Profumo when they had just been arrested... We only opened at
lunchtimes and it was run by my dad's twin sisters, Anna and
Maria. I think they were as big a draw as the steak and kidney
puddings." (Peter Negri)
Spot [14 North Audley St W1]
Oddly grand carved stone exterior. Heavy on crypto-Swiss
ambience. High-backed carved pews, lots of dark panelling
which the owner insists is meant to be Elizabethan pastiche.
Bar [Brooks Mews W1] RIP
gem, utterly overlooked in a superb lost mews by Claridges.
Amazing sign and door handle. Brilliant green leatherette seats.
Worn Formica tables. Interesting mix of clientele: cabbies &
Claridges doormen. Functional and friendly. A model of British
utility. (One of only two remaining establishments to be listed
in 'The Good Cuppa Guide' of the 1960s.)
Lounge [81 Grosvenor St W1]
One of the original first generation Coffee bars. This swish
little place is kitted out in 60s Swiss-style (very much
like the Lucky Spot in North Audley St, St Moritz in Wardour
St, and the Tiroler Hut in Westbourne Grove.) This styling was
once all the rage as Alpine-exotica briefly irrupted throughout
Europe after the war. Wistful seemingly hand-drawn
exterior sign, lots of polished brown wood, fancy
ironwork lighting, inlaid coloured lights, and pew-bench seating.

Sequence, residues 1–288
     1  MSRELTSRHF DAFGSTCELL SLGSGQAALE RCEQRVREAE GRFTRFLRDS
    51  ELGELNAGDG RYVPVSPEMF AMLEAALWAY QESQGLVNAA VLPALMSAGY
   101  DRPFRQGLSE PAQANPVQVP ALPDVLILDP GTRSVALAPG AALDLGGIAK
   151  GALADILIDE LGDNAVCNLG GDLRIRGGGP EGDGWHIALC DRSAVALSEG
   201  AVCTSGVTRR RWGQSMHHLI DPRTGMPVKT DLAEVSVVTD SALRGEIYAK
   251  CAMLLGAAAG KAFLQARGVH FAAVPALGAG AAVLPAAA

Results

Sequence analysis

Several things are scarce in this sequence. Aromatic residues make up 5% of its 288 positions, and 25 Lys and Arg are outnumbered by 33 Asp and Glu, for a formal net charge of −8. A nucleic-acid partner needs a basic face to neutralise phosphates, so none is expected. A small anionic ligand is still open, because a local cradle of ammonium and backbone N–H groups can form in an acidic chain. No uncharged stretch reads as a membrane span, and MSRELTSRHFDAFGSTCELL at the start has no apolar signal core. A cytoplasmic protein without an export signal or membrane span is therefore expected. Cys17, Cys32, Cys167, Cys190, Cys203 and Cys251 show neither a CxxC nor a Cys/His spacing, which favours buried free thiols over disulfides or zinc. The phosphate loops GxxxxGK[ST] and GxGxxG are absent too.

(Don't miss the two basement sections hidden at the back.)
of... Rendez-Vous [56 Maddox St W1]
Gaze longingly at the outside Espresso
Bongo-like sign and then scoot into one of the very best
London caffs left standing around Bond Street. It's arranged
like a domestic living room: covered tables, wooden chairs, lovely
lights, lashings of warm Formica...
of... Euro Snack Bar [Swallow St W1]
The little Euro Snack Bar was installed
in an obscure street lined with lap-dancing clubs. Superb orange
and green frontage (with top 60s typography), small, comfortable
booths, low ceilings, and odd little mini-counters on every table
for holding the drab-green salt n' pepper sets. (These are featured
on the cover of the book Classic Cafes.)
[78 Brewer St W1] RIP
Ruined cafe (near New
Piccadilly) that has some interesting original
1950s exterior features: marble and Vitrolite stall riser